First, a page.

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457 Phil. 300


[ G.R. No. 138238, September 02, 2003 ]




Before us is a petition for review of the April 15, 1999 resolution[1] of the Court of Appeals denying petitioner's motion for partial reconsideration of its decision dated November 9, 1998 which ordered petitioner's reinstatement, without backwages.

Petitioner was among the public school teachers who were dismissed by then DECS Secretary Isidro Cariño for ignoring the return to work order while participating in the teacher's mass strike at Liwasang Bonifacio from September to October, 1990.

Records reveal that an administrative complaint was filed against petitioner, together with a certain Dalangin Sarmiento and Filomeno Rafer, charging them with grave misconduct, gross neglect of duty, gross violation of the Civil Service Law and Rules of Reasonable Office Regulations, refusal to perform official duty, gross insubordination, conduct prejudicial to the best interests of the service and absence without leave.

Petitioner failed to give his explanation on the charges against him despite due notice. Thus, he was meted preventive suspension for 90 days and consequently dismissed from the service in a DECS decision dated November 29, 1990.

Petitioner appealed said decision to the Merit System Protection Board but his appeal was dismissed for being filed out of time.

Aggrieved, petitioner appealed to the Civil Service Commission but the appeal and the subsequent motion for reconsideration were both denied in the resolutions dated September 8, 1994 and April 14, 1998, respectively.

Petitioner then sought recourse from the Court of Appeals via a petition for certiorari which yielded positive results, obtaining for petitioner an order of reinstatement without, however, any award of backwages in his favor.  Thus:
WHEREFORE, the petition is hereby given DUE COURSE.  Resolution Nos. 94-4979 and 980819 of the Civil Service Commission are SET ASIDE. Accordingly, the Department of Education, Culture and Sports' Decision in Case No. DECS 90-118 is MODIFIED – instead the petitioner is only guilty of Conduct Prejudicial to the Best Interest of the Service for which he is meted out the penalty of suspension from the service for a period of six (6) months without pay considering that the petitioner has been out of the service for more than seven (7) years now as a result of his dismissal from the service, the Department of Education, Culture and Sports is hereby ORDERED to immediately reinstate petitioner Eduardo Balitaosan.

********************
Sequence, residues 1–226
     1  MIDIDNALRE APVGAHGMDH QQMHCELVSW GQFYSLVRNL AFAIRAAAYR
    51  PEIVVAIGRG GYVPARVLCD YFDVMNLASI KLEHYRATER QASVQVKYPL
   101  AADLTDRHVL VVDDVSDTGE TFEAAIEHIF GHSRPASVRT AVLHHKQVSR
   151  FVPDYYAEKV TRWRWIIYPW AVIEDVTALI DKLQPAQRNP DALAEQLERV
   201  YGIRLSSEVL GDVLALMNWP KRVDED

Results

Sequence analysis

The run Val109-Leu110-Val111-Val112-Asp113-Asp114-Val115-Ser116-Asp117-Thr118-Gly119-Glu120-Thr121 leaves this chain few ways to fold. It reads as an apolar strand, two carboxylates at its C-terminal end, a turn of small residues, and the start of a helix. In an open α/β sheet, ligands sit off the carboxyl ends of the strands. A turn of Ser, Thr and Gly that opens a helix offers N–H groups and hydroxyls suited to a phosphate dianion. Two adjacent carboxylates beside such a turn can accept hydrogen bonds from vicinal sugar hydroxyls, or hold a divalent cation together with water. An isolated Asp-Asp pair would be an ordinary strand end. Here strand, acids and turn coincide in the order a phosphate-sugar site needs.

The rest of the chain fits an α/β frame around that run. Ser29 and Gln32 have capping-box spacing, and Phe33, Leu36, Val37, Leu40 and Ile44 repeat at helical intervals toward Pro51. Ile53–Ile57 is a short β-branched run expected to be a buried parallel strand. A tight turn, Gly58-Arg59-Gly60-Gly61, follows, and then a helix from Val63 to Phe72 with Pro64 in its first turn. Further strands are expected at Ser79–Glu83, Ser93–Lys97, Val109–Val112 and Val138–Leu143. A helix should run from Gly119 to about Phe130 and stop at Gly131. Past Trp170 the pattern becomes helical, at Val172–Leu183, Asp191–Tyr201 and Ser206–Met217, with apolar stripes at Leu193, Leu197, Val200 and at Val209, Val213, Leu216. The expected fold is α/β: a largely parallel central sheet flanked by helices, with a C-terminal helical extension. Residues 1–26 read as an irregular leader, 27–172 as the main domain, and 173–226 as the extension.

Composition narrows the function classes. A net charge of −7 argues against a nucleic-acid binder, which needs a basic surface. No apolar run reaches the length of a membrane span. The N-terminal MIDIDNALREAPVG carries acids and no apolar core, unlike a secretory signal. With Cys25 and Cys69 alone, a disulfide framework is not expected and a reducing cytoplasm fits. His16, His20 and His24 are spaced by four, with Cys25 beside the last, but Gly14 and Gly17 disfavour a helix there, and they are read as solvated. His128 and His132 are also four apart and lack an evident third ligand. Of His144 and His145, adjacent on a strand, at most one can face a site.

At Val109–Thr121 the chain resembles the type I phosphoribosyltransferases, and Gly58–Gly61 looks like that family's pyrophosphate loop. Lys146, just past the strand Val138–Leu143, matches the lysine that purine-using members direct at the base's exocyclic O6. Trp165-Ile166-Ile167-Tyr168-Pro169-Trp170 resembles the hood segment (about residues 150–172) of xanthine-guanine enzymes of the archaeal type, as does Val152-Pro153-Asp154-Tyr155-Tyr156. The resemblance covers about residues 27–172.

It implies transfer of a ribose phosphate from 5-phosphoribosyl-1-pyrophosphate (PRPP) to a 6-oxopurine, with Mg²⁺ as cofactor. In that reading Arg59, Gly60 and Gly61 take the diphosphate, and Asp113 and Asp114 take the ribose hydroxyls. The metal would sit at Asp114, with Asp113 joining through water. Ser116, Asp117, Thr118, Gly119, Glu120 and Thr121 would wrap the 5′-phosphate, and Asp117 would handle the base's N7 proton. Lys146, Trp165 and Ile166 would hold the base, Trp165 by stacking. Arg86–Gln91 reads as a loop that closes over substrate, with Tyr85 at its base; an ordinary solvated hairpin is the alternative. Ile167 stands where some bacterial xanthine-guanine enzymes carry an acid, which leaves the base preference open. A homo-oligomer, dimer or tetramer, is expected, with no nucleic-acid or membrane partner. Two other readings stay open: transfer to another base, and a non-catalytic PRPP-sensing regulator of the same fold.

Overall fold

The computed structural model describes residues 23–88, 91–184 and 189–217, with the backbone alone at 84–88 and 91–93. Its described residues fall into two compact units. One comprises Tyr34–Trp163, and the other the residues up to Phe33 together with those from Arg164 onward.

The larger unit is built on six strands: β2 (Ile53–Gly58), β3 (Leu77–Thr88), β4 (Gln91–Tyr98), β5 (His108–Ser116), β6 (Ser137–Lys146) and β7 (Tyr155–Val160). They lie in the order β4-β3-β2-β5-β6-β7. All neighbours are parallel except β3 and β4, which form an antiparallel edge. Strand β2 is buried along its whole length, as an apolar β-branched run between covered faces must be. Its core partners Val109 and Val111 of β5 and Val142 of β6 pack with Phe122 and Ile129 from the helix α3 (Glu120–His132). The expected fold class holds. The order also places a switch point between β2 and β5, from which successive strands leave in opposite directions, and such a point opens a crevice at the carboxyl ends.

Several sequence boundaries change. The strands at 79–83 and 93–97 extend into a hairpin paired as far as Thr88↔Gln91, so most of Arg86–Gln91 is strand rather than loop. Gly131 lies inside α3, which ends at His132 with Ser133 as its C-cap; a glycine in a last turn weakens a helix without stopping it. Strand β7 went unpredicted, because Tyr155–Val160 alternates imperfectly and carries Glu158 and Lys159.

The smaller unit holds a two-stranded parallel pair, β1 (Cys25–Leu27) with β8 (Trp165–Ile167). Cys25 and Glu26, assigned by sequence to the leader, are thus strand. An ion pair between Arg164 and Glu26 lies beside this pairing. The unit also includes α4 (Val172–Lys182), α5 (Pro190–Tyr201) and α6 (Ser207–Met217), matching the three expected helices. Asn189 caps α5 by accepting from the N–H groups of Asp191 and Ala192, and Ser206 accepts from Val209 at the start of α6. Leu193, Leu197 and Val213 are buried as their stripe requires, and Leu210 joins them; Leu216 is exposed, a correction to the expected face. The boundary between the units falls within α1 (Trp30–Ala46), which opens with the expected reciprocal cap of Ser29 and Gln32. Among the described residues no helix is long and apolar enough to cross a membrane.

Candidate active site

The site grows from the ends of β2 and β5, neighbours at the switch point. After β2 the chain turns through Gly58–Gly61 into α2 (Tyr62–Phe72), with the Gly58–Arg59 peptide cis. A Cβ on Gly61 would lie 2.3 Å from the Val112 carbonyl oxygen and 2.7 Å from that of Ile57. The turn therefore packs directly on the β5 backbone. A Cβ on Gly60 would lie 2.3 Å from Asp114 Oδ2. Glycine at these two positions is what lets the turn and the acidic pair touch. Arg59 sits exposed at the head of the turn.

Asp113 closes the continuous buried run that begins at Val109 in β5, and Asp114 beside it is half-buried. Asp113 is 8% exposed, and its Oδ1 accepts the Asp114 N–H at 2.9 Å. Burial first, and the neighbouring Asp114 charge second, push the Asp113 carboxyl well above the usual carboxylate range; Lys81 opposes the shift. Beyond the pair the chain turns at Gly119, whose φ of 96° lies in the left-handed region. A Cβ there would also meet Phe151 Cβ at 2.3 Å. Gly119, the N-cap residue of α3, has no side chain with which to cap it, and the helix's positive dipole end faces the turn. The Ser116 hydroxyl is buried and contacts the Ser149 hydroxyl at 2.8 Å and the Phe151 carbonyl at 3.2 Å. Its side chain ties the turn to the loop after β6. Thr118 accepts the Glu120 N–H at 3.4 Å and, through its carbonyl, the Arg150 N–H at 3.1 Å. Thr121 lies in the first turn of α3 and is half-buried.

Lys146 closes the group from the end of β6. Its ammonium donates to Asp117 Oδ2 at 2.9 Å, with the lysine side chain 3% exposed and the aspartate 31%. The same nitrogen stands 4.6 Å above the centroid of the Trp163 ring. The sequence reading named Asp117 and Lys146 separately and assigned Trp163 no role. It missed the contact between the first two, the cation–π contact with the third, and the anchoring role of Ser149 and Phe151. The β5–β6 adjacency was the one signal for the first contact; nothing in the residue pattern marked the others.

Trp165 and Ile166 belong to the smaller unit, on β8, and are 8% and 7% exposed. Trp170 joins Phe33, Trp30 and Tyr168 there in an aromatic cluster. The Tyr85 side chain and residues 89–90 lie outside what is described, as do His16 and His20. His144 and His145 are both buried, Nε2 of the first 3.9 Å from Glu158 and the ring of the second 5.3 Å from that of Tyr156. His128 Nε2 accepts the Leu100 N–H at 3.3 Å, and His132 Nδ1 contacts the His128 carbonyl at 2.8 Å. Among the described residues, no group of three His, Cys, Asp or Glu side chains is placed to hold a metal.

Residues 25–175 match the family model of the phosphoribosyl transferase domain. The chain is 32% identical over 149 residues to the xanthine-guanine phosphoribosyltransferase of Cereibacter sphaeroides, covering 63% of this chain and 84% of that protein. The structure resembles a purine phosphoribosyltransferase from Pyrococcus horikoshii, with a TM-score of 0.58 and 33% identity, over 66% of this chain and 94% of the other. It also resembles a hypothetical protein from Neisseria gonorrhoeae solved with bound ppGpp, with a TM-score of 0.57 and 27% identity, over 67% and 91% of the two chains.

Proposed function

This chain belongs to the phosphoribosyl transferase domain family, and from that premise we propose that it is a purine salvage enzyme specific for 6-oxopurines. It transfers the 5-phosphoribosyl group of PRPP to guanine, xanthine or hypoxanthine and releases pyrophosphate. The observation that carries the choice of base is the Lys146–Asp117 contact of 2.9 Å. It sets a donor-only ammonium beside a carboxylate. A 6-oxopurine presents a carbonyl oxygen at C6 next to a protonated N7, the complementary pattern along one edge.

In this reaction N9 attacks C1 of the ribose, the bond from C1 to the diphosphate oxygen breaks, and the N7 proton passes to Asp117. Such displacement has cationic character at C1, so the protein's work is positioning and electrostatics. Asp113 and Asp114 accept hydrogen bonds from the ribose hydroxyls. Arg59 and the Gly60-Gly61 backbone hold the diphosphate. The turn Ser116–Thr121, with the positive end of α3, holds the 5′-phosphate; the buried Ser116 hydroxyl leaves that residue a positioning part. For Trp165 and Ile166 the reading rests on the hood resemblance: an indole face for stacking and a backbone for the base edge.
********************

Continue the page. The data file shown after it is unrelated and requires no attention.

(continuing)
Not wholly satisfied with said decision, petitioner moved for its partial reconsideration, praying for an award of backwages, but the same was denied in the above assailed resolution dated April 15, 1999.

Thus, the instant petition.

Petitioner alleges that the Court of Appeals committed reversible error when it refused to apply the ruling in the case of Fabella, et al. vs. Court of Appeals, et al.[3] In the said case, the Court, finding the investigation committee to be without competent jurisdiction, declared that all proceedings undertaken were necessarily void and thus could not provide the legal basis for the suspension or dismissal of the petitioners.  The Court declared a denial of due process because the inclusion of a representative of a teacher's organization in the investigating committee, which was indispensable to ensure an impartial tribunal, was not complied with. Consequently, it ordered the payment of back salaries, allowances, bonuses and other benefits and emoluments which had accrued to the teachers involved during the entire period of their preventive suspension and/or dismissal from the service.

Petitioner's reliance on Fabella is totally misplaced.